From February to May 2021, poor households with limited and decreased livelihoods are in an unfavorable situation in the Liptako Gourma area, and in urban centers. Flood victims, primarily in Menaka, Kayes, Koulikoro, Segou, and Bamako will have difficulty meeting both their food and non-food needs. These households, who have relatively average access to food in this harvest period, even if harvests are small, will, due to local cooperation, see their food consumption and nutritional status rise to above average levels beginning in March. Average to above-average availability of pastures and water after the overwintering season favors good feeding conditions for livestock in Mali's various pastoral areas. The pastoral lean season will begin in March-April as in a typical year. Average to good agricultural production is expected in Mali, and changes in price, which will be slightly higher than average, favor good availability and average household access to grains during the entire 2020/2021 food year. This gives rise to hopes for an average lean season in Mali, beginning at the typical time, in June. However, the lean season will arrive one month early due to early depletion of stocks in localized areas with poor production, and especially in Liptako Gourma. Poor households that cannot meet their food needs without resorting to atypical coping strategies such as reducing non-food expenses and borrowing, will be in a Stressed food insecurity situation (IPC Phase 2), from March to May 2020, specifically in the Gao, Mopti, south Timbuktu, north Kayes, and northeast Koulikoro areas. However, beginning in May 2021, without humanitarian aid, the poorest households and particularly the displaced households will see their food security situation deteriorate to Crisis levels (IPC Phase 3).

    Events that could change the scenario

    Possible events over the next eight months that could change the most likely scenario.



    Impact on food security conditions

    National (office zones: Niger, the Gao river basin, and Timbuktu)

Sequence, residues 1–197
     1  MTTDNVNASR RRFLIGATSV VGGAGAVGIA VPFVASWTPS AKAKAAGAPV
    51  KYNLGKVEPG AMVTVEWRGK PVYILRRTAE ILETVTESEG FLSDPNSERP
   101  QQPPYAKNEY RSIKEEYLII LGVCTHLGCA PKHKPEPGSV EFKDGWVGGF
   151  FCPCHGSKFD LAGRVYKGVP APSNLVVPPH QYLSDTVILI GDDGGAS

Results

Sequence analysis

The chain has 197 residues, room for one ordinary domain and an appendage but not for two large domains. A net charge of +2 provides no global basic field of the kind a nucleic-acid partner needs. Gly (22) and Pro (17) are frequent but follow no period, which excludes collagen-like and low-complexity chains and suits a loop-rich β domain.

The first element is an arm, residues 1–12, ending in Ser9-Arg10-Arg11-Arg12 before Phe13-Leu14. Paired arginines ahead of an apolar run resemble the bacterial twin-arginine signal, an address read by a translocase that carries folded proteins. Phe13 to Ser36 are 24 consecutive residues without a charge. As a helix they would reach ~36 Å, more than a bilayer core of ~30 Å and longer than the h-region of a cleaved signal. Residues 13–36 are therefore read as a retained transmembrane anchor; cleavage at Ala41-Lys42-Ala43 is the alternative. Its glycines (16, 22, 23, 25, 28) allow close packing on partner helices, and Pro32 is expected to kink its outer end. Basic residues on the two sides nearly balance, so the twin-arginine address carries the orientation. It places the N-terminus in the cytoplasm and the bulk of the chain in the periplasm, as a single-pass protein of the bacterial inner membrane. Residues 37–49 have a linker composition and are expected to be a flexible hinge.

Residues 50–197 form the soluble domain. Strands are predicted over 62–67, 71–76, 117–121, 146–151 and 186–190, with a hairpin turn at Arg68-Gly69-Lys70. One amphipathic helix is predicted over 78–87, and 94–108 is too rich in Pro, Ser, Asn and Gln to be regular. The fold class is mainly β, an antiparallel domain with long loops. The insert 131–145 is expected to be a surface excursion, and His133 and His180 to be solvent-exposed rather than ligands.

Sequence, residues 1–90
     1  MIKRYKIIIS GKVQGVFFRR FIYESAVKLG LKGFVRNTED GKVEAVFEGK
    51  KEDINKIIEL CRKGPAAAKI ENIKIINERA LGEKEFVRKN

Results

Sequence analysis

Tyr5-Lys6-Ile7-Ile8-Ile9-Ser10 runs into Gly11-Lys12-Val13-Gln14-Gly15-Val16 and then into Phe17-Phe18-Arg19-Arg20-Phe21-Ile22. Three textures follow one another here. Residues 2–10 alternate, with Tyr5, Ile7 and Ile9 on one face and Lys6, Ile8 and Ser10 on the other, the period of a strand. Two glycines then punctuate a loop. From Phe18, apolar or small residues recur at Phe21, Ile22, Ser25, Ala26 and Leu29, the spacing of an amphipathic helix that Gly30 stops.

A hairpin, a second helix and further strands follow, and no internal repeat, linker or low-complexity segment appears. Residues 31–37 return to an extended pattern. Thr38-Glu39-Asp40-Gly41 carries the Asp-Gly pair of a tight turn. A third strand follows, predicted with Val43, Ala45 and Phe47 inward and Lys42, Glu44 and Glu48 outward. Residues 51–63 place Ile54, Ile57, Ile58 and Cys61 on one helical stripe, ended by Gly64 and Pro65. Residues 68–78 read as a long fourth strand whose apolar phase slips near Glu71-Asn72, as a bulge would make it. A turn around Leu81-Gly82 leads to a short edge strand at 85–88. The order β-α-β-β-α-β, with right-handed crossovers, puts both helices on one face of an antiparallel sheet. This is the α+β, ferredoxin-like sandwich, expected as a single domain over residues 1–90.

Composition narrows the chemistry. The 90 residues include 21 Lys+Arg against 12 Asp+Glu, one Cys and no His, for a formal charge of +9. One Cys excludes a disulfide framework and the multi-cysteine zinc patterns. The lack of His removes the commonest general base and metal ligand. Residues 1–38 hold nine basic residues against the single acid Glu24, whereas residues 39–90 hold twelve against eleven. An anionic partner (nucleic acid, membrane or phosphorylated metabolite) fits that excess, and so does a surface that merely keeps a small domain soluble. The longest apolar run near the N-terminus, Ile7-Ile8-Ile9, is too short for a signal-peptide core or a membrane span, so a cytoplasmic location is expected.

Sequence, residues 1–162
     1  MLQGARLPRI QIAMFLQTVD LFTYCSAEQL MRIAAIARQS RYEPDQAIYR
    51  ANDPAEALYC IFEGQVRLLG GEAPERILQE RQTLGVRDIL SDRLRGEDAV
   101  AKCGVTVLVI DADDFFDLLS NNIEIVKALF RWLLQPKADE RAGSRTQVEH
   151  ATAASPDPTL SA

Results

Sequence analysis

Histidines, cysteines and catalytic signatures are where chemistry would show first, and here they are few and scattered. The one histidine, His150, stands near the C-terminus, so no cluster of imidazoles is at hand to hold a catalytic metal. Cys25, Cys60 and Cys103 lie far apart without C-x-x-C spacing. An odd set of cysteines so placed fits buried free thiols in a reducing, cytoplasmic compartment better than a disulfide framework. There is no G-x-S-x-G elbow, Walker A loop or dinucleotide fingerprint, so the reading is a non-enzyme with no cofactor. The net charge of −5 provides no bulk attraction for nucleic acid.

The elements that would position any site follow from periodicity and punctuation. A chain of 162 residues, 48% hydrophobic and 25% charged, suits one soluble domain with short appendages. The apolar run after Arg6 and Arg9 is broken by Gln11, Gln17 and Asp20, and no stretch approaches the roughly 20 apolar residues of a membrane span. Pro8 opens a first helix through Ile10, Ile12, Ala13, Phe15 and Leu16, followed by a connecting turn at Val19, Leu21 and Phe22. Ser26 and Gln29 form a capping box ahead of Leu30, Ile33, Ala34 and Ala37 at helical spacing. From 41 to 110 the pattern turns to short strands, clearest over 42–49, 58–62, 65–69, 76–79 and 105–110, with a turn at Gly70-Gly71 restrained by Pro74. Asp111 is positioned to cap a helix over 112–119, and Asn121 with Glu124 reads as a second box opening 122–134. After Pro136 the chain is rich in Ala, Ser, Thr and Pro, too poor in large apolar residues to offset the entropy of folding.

Pest damage to crops from October to May

    Significant damage to off-season crops, caused by grain-eating birds, will reduce grain availability in agricultural areas, and may cause increased market prices. These price increases will reduce poor households' access to food, and will reduce farming households' income. The same is true of potential vegetable crop damage caused by caterpillars from October to March.


    Rising COVID-19 cases in Mali, or in neighboring countries, and countries where migrants live.

    New restrictions in Mali or in neighboring countries caused by rising COVID-19 cases will negatively impact economic activities, which are still sluggish due to the pandemic's effects. The resulting economic disruptions will limit poor households' ability to meet their food and non-food needs. Decreased job prospects in countries receiving migrants will reduce transfer amounts, already reduced by more than 30 percent for households that depend on them.

    North and central Mali.

    Increased market disruptions due to residual insecurity from October to May.

    Increased security incidents will further affect the economic environment in the areas in question; this will negatively impact income, supplies, and household livelihoods, and will increase poor households' vulnerability to food insecurity.

    Northern Mali (Zone 2, 3, 4) the Niger delta (Zone 6) and the Sahel band (Zone 13)

    Significant damage to pastures caused by brush fires from March to May

    These brush fires typically cause significant damage to pastures from December to May; this causes an atypical decline in pasturing and will create difficulties feeding livestock. The decline in animals' physical condition and in animal production, or even the deaths of animals, will negatively affect livelihoods for agropastoral households.

    Figures Rainy season is from mid-May until October. Land preparation is from April until June. Planting is from June until August. Ma

    Figure 1

    Mali Seasonal Calendar


    Figure 2

    Source: FEWS NET

    Figure 3

    Source: FEWS NET

    To project food security outcomes, FEWS NET develops a set of assumptions about likely events, their effects, and the probable responses of various actors. FEWS NET analyzes these assumptions in the context of current conditions and local livelihoods to arrive at a most likely scenario for the coming eight months. Learn more here.